5. Why didn’t the radar sensor override the camera data? Radar would have shown “no obstacle”.

jstat10 | 28 août 2019

It more likely the processor, not the camera, is the limiting factor. You only need 20/40 vision to get a driver's license(!), less for a restricted license. And you don't need color vision.

Given how well things work now, the current processor can probably classify objects correctly, but it does it too late to be useful. The increased speed of HW3 should eliminate most of phantom braking problems. We shall see.

billtphotoman | 28 août 2019

@tdrager - Camera dynamic range is indeed a _big_ problem. If data is outside of the dynamic range of the camera it is just lost so no amount if image processing can fix that. This is why photographs of very high contrast scenes (sunsets at the beach for example) don't look anything like the way our eye sees them.
Supposedly the model 3 cameras have 18 stops (which is actually really amazing if true) while the human eye has about 25 (so 2 to the 7th more). One option is if they have enough processing power and can read the camera sensors quickly enough is to combine images of different exposures.

Techy James | 28 août 2019

@tdrager "5. Why didn’t the radar sensor override the camera data? Radar would have shown “no obstacle”." Problem with this approach is Radar only metal based solid objects. I also has limitations where items, like a moose, deer, person, or other large animal that would have significant chance of damage/injury during impact that a radar wouldn't detect because the object is not solid enough. Radar works great at detecting objects like vehicles that have enough metal for the radar to be effective. Radar would never detect items like large animals or even a truck tire laying in road.

WEST TEX EV | 28 août 2019

I think current software is known to prioritize cameras over radar. I don’t know why this is true. Seems radar is superior for true obstacle avoidance (as compared to “looks like an obstacle”)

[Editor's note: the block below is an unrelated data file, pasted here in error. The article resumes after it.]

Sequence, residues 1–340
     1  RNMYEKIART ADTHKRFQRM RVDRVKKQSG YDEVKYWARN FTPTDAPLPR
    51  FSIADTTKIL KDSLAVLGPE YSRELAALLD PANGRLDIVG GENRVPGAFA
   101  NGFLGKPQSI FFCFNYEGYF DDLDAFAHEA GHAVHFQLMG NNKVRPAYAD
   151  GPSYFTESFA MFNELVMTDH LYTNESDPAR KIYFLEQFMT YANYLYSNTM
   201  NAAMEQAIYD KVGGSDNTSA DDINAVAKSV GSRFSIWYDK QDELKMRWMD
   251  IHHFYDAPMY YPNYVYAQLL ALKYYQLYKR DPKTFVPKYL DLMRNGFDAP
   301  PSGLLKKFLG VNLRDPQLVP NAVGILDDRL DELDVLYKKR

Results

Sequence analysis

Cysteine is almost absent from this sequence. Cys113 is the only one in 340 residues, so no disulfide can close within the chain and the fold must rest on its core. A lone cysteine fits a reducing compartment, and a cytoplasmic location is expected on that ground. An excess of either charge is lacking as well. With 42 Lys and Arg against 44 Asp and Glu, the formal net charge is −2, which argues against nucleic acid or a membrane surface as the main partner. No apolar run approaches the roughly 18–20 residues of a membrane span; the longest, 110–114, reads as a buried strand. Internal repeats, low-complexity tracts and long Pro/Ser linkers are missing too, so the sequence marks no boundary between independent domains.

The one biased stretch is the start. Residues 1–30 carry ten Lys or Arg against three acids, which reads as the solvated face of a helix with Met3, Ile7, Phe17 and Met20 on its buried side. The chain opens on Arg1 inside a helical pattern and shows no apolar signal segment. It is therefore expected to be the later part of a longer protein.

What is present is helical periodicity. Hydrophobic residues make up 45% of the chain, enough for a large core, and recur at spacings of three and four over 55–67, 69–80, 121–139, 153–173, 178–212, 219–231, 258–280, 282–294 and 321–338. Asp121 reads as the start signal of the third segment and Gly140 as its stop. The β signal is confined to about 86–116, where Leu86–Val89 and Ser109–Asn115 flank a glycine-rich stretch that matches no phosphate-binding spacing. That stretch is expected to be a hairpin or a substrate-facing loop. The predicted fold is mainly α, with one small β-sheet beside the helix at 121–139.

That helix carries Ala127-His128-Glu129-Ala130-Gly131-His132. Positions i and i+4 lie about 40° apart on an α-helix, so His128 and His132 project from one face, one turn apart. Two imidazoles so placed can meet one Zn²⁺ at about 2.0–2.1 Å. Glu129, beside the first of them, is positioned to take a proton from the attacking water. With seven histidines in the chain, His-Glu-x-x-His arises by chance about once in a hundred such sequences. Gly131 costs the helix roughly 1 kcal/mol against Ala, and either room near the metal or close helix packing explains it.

IMO Subaru adaptive cruise/lane keep is BAD. It is a “warning of lane cross” system not a “stay in lane” system. It will bounce off lane markings several times and then quit and alarm. Although I personally love it when Tesla quits as it is stating “I cannot navigate properly, please use human intelligence”

howard | 28 août 2019

Never had a single phantom breaking or rapid slowing with the ACC on the 2019 Volt. That is long-distance highway use as well as constant heavy Phoenix metro traffic. I set it and forget it. Weave in and out of traffic with my foot comfortably resting not hovering over the accelerator pedal waiting to override so I am not rear-ended.

Bighorn | 28 août 2019

Kind of suspicious when people have laudatory comments for every brand but Tesla. Makes you wonder.

howard | 28 août 2019

Bighorn. Makes you wonder.

Might make you wonder but it makes me mad. Tesla TACC should be every bit as good as my lowly Volt!

SamO | 28 août 2019

Nope. That’s not it.

Bighorn | 28 août 2019

Doesn’t really explain claiming the Taycan the victor of the spoils seeing as nobody’s seen one yet.

SamO | 28 août 2019

Well everyone gets a participation trophy.

“The winner” trophy For the lap record set by a “prototype” and not a production vehicle.


lbowroom | 28 août 2019

Is the Volt concerned about anything but the car in front of it?

Jeremyapp | 28 août 2019

> “Cranston breaking”
> perhaps there was a meth lab in the roadway?

Cranston Braking is the same thing as Braking Bad. It makes total sense :)

SamO | 28 août 2019

Dealership FUD? It doesn't matter how terrible the car, but if it comes from a stealership, it must be amazing?

Eazyndn | 28 août 2019

> “ Cranston Breaking “

Sorry about the spellcheck mistake, S/B “Braking” instead of “ Breaking”. Couldn’t find a way to edit.

kevin_rf | 28 août 2019

That's okay, you should see some of the downright bizarre combinations that the car comes up with for it when I try to report it.

FISHEV | 28 août 2019

‘The issues Subaru has with their system is significantly more dangerous than what Tesla owners are experiencing (unexpected emergency braking vs reduced speed)”@jeremynordland

Except Subaru Eyesight has no “issues” which is why Subaru’s are Top Safety Pick + in every category in which Subaru makes a car, the Subaru Legacy Sedan vs. the Tesla Model 3 Sedan, Tesla’s safety systems are clearly inferior and rated as such. Tesla’s phantom braking issue, the inconsistent lane keeping, the non-functional blind side indicators and driver’s side mirror that can’t see blind spot and no rear cross track warning.

To the article’s possible issue of Emergency Braking giving false warnings, the Tesla seems to do OK with it, no false reading but some early collision warnings. Subaru’s auto braking system in it’s top safety rated cars seemed more predictable than the Teslas (2015 Subaru Legacy vs. 2019 Model 3 AWD LR).

The Subaru’s adaptive cruise has no phantom stops which is a big problem for the Model 3’s AP system, probably the top owner complaint on all the Tesla forums including this one.